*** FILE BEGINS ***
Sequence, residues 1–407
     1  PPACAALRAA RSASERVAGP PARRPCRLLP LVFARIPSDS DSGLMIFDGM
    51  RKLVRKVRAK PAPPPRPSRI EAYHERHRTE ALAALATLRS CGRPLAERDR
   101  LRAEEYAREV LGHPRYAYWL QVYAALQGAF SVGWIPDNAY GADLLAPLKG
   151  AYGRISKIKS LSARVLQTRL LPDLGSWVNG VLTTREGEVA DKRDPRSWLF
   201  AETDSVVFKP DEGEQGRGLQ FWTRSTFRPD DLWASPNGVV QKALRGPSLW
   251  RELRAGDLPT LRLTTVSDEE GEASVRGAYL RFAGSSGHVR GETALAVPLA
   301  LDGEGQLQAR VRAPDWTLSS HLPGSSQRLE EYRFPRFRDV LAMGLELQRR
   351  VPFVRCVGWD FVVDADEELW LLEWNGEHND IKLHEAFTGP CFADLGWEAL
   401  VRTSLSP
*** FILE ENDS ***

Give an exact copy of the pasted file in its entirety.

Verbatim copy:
Sequence, residues 1–407
     1  PPACAALRAA RSASERVAGP PARRPCRLLP LVFARIPSDS DSGLMIFDGM
    51  RKLVRKVRAK PAPPPRPSRI EAYHERHRTE ALAALATLRS CGRPLAERDR
   101  LRAEEYAREV LGHPRYAYWL QVYAALQGAF SVGWIPDNAY GADLLAPLKG
   151  AYGRISKIKS LSARVLQTRL LPDLGSWVNG VLTTREGEVA DKRDPRSWLF
   201  AETDSVVFKP DEGEQGRGLQ FWTRSTFRPD DLWASPNGVV QKALRGPSLW
   251  RELRAGDLPT LRLTTVSDEE GEASVRGAYL RFAGSSGHVR GETALAVPLA
   301  LDGEGQLQAR VRAPDWTLSS HLPGSSQRLE EYRFPRFRDV LAMGLELQRR
   351  VPFVRCVGWD FVVDADEELW LLEWNGEHND IKLHEAFTGP CFADLGWEAL
   401  VRTSLSP